PS 13-122
Effects of European buckthorn (Rhamnus cathartica) on soils and leaf litter communities in a Minnesota oak woodland

Monday, August 5, 2013
Exhibit Hall B, Minneapolis Convention Center
Domokos Lauko, Macalester College
Mike Anderson, Biology, Macalester College, St. Paul, MN
Sarah Boyer, Biology, Macalester College, St. Paul, MN

European buckthorn (Rhamnus cathartica) is an invasive shrub native to Eurasia that has become abundant in forests of the Eastern and Midwestern United States. Increased soil nutrient cycling and earthworm colonization, and decreased leaf litter cover under buckthorn have been suggested to negatively impact leaf litter arthropod and soil microbial communities. In contrast to this suggestion, we previously observed elevated abundance of leaf litter arthropods around individual buckthorn plants compared to plots without buckthorn in a pilot study conducted in mesic oak forest in Minnesota. The current study examined whether this pattern held at larger scales (~100 m2), and whether soils differed in chemical and physical properties and bacterial community composition under buckthorn. Leaf litter (n=24) and soil samples (n=6) were collected from six 10 x 10 m plots at Macalester College’s Ordway Field Station in Inver Grove Heights, MN. Soil arthropods were extracted, counted, and classified to order, and community composition was analyzed using MANOVA and cluster analysis. Bacterial community composition was surveyed via PCR amplicon length polymorphism of 16s-23S rDNA (rIGS) and nifD-K noncoding spacer loci, and terminal restriction fragment length polymorphism (T-RFLP) of 16S rDNA. Bacterial abundance was estimated for the culturable fraction of the bacterial community.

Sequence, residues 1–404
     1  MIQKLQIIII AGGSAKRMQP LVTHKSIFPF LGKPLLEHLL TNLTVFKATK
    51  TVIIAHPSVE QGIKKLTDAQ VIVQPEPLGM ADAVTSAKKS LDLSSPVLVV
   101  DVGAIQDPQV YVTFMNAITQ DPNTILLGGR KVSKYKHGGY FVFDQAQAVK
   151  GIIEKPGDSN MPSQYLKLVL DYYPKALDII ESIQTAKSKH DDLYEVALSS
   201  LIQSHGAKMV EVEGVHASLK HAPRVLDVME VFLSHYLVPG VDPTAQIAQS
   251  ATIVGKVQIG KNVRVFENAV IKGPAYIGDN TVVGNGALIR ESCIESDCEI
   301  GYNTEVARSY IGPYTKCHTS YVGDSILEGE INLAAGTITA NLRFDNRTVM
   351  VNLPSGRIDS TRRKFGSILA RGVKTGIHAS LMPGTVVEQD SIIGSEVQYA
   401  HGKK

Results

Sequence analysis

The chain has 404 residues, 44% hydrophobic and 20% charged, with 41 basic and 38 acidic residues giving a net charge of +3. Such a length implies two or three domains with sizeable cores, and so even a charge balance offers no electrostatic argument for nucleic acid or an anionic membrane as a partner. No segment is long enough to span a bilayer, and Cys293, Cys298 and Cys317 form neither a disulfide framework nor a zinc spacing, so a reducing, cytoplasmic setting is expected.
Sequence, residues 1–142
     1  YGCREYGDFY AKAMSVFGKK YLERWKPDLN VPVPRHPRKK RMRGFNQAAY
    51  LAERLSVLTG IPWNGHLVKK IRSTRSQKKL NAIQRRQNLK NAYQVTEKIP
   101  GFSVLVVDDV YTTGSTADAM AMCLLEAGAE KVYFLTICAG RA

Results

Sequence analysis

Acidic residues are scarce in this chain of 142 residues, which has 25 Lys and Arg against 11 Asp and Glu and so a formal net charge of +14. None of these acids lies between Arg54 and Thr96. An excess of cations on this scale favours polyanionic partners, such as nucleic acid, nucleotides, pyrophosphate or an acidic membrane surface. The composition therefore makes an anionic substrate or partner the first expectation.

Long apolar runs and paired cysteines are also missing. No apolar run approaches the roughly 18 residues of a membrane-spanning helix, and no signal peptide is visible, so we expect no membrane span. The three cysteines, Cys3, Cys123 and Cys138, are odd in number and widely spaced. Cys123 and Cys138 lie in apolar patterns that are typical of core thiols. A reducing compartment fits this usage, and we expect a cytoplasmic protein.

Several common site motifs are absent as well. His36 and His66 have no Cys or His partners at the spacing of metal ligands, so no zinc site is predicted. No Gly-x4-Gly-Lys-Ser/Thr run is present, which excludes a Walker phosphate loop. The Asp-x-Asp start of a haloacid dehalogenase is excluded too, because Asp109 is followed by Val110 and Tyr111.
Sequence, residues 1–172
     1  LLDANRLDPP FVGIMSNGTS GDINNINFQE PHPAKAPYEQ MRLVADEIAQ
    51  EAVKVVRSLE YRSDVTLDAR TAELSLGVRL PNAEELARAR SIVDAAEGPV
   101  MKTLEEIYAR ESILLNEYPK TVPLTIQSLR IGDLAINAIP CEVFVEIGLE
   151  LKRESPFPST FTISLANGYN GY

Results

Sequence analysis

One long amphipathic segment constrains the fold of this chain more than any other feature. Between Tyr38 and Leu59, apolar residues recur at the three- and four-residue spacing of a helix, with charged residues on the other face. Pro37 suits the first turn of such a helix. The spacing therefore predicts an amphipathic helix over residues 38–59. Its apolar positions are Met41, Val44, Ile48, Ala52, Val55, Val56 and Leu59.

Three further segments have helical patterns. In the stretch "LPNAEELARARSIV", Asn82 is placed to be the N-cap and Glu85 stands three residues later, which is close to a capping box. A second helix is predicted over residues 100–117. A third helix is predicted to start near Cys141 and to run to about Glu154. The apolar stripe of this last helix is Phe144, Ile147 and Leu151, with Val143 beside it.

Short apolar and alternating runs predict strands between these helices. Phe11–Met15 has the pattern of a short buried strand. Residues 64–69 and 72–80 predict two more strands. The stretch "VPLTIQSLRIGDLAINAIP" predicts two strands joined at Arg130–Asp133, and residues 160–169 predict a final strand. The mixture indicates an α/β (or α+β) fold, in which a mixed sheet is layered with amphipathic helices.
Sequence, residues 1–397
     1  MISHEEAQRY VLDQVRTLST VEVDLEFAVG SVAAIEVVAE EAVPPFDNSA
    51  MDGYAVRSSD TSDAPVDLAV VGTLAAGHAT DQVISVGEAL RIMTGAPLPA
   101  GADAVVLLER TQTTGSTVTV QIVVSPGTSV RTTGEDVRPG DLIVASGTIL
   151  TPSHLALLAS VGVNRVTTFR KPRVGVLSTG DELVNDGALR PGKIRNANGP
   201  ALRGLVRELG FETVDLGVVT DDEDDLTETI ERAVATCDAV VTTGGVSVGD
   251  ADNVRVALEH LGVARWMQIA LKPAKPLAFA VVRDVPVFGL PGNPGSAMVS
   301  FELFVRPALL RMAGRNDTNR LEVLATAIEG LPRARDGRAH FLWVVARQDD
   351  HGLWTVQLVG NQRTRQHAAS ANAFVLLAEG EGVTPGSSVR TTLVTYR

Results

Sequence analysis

Buckthorn soils were significantly lower in bulk density, and higher in nitrogen, calcium, magnesium, potassium, and pH than control soils. Leaf litter arthropod communities did not differ in relative abundance among taxonomic orders, but total arthropods were more abundant in buckthorn-invaded plots than in control plots (P=0.04), identical to our previous findings at the single-plant scale. However, this result may be driven by differences in litter density between buckthorn and control plots.

Cluster analysis indicated that similarities in 16S-based bacterial communities were based on sampling location rather than presence of buckthorn, but buckthorn soils supported higher richness of nifD-K haplotypes than control soils (P=0.006). The latter result suggests the possibility of associative nitrogen fixation in buckthorn rhizospheres, which has also been suggested by previous workers. Preliminary data gathered by us in a pilot project at the single-plant level provide some support for this suggestion.